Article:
stretched several strands of string, presumably to hang washing on. Beyond this multi-purpose ablution arrangement there was a shed with two half stable doors behind which there was a hole in the floor to receive unwanted body waste.

Later I smiled to myself as I knelt on the patio cement washing my smalls like a coolie. I soaked the clothing at one of the taps, rubbed my block of soap all over and then bashed them about a bit on the side of the trough, just like I’d
seen native women doing in so many parts of the third World, but this is Thailand, it isn’t the third World, is it? Next I rinsed them under the tap and hung them on one of the many strands of string, that other before me had strung. Satisfied
with my labour I went to the front of the building. There, raised above the road, was a wooden platform which was furnished with six tables and perhaps a dozen or so chairs. At the back of the platform was a rusty coke-cola machine. Its mechanism
had long since seized up. A key was in the lock and a hand written notice in Pidgin English, invited visitors to help themselves and enter what they had taken in ‘The Book’. It was dark now and the mosquitoes were up and biting furiously.
I rummaged in my backpack and withdrew some fragments of mosquito smoke coil. I carefully lit the largest piece and placed underneath one of the rickety chairs upon which I sat with some relief. Now, secure in my territory I looked around waiting
for another guest to appear. I’d not long to wait.

A young man teetered on the platform and fell into a chair beside me. We started to chat and I soon discovered that his outward appearance told no lie; indeed he was a real ‘Cheech & Chong’ type. He told me in a thick southern
accent that he was American and that his name was Joseph. He couldn’t remember how long he’d lived in Thailand. As he drawled away my lids became heavy with boredom and an ever pressing need to sleep. That’s when Mike arrived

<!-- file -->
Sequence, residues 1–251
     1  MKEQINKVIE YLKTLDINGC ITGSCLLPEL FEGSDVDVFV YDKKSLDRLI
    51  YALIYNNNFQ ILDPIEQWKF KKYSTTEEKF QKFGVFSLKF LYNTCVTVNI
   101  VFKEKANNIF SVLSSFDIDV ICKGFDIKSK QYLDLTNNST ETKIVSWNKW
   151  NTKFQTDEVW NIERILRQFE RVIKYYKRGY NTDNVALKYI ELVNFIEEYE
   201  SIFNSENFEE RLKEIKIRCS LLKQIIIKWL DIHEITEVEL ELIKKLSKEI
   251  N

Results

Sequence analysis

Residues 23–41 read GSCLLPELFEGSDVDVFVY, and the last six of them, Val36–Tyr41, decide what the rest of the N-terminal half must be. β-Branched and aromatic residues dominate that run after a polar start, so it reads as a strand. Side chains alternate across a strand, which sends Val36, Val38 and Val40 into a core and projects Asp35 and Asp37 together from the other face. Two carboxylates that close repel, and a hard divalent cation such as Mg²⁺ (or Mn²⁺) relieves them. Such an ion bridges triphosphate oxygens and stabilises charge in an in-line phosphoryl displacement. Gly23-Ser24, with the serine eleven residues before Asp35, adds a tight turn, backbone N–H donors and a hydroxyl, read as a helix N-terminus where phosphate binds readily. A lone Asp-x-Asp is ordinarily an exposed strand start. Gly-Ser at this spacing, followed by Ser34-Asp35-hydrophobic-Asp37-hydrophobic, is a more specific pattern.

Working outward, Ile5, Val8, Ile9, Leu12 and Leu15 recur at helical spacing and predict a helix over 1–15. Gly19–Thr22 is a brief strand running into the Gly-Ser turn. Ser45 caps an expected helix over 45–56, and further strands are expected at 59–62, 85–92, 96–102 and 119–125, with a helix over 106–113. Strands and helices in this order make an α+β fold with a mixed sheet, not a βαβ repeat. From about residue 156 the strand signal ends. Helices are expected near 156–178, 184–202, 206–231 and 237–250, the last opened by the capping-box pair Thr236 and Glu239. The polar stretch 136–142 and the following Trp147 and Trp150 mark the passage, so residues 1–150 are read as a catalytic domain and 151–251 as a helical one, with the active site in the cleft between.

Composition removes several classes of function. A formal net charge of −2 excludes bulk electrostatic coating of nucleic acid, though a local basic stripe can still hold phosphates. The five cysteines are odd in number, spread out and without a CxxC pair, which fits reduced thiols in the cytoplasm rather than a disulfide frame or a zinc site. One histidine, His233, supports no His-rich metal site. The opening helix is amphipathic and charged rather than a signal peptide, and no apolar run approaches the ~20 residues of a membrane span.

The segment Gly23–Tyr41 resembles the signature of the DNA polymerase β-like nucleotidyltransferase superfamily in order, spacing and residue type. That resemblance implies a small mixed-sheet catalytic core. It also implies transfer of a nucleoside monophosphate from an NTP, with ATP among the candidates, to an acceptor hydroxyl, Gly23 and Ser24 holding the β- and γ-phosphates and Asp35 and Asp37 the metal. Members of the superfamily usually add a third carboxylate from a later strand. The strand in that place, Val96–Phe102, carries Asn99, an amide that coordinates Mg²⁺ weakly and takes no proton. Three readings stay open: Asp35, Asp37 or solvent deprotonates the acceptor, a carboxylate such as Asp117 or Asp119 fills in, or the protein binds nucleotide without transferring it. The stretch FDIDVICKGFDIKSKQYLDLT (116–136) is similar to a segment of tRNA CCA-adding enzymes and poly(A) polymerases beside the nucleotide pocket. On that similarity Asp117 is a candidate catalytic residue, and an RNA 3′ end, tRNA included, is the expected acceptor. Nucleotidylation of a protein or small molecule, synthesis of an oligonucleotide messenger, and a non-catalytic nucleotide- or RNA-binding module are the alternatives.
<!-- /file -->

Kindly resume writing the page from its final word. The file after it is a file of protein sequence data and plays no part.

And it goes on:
on the scene. Mike was English. Well mannered and well spoken. That is, he was until the tubes of beer got the better of him. I did discover that his full name was Mike Heffer, or at least that was the name he was using then. It dawned on me that
these two were not strangers to one another. I said nothing about this insight. Now that I’d seen these guys getting beer from the antique coke machine I knew where the book was. As I withdrew a coke from the machine a tall blonde women
appeared and sat at a vacant table. Soon she was joined by an equally tall blond man. I walked over to the stable door counter and wrote carefully 7.50pm, David, One can of Coke. I turned and decided that I would sit at the table with the new

As it turned out they were Norwegian doctors. The woman told me that her name was Turid and that she and her husband were on a budget holiday exploring Thailand. She told me that her hobby was anthropology and that she had spent many moths
in the North of Norway studying the native tribes that follow a nomadic life there. She was surprised to hear that I was aware of the ‘Sami’ tribe’s people and their constant struggle to protect their customs and language.
This has been particularly difficult in modern times due to the Norwegian government insisting that all Norwegian children be schooled in the Norwegian language. The ‘Sami’ are related to the Laplanders and subsist by herding reindeer.
These strange and isolated people speak a tongue that is derived from Finno-Ugric. Ugric is very similar to Hungarian. Today the Norwegian government recognises their culture and their right to raise their children in the Sami traditions. We talked
into the night and only paused when Joseph fell off his chair and was helped away to his room by Mike. She chatted on with great enthusiasm, though her husband had only interceded occasionally, and with some reluctance. I related my experiences